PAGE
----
22 April – 4 June 2005
Solo exhibition of recent work
Rupert Spira’s farmhouse and outbuildings on the edge of Shropshire are animated by pots: his own and those he has been given by friends or collected on his travels, in each domestic space; unglazed pots in his newly refurbished studio. A deep kitchen cupboard reveals satisfying stacks of his assorted tablewares from floor to ceiling – chrome and copper red plates, gleaming white dessert bowls and even a set of decorated plates he made as an apprentice to Michael Cardew at Wenford Bridge. Pots have come to rest everywhere – on shelves, window ledges and furniture, over wide doorways and fireplaces. All have been placed with deliberation. Some stand out dramatically against the light of a window, others retreat into corner shadows. There are early Cardews and French country pots, refined 13th century Chinese porcelains and pots by contemporary Japanese masters. Small cylindrical vases by Lucie Rie cluster near found birds’ nests and a group of Persian bowls. “It’s important to me, to be surrounded by these pots,” says Spira.
It is tempting to make a connection between this house as repository of layers of ceramics from different periods and cultures, and the artist’s own memory of accumulated images and experiences of pots. Spira is keen to point out that new work does not suddenly appear in response to some new fashion, but flourishes after many years of gestation. Pots inscribed with text can be traced back to his early bowls decorated with incised lines through a cobalt glaze, originally prompted by his discovery of Mimbres pottery in his twenties. “My pots have come out of contemplation, and they hopefully lead back to it,” he says.
Spira’s thinking and pots are evolving again, almost imperceptibly. Concerned that the viewer had become too caught up in reading his embossed poems, he has begun to abstract the words by running them together in a continuous line over interior and exterior surfaces.
He explains that this line may be read as a metaphor for the trace or resonance of an object or thought in memory. On a vast open bowl, the endless stream of letters appears like a lonely track in an expanse of newly fallen snow. There is no need to try and work them out. Better to let the eye roam and enjoy the interplay between the movement of the line and flowing edges of the form.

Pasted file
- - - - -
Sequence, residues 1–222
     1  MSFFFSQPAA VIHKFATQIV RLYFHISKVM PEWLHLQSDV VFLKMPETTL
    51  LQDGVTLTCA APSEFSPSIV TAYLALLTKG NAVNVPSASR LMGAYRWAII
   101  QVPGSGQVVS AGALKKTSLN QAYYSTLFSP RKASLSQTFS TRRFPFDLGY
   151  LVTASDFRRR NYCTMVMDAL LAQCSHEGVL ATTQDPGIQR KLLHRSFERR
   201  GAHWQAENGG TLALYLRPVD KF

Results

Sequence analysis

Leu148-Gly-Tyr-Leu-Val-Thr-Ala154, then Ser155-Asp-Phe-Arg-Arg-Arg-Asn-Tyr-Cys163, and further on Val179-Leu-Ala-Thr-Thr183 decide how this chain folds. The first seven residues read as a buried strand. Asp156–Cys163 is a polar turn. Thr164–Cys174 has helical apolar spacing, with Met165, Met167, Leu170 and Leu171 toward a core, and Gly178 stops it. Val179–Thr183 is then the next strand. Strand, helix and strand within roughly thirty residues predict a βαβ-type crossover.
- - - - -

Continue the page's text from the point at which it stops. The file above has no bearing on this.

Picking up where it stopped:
Spira’s large undulating bowls – fruits of “my twenty-five year apprenticeship” – indicate a relaxed and confident approach to throwing. “The making now feels absolutely intimate and familiar,” he says. Coinciding with the sense of liberation in his potting, are new opportunities to think beyond the white cube and customary plinth. The prospect of showing his work in more imaginative ways, of “making an evocative space,” clearly motivates him.
In an earlier project this year, Spira presented various groups of work – large wall panels, tall cylindrical vessels, open bowls and ordered rows of smaller pots – that were designed to work as “a completely unified, strong and simple statement.” For his show at Contemporary Applied Arts he wanted to move away from this formality and has made a collection of bowls ranging in size from vast to minute. When asked if scale is important in his work he replies, “No! What is essential is monumentality, presence. A pot should be a focal point of condensed energy, whatever size it is. However, the other important aspect is intimacy.” His latest series of bowls combines both these potentially disparate elements.
Amanda Fielding © 2005
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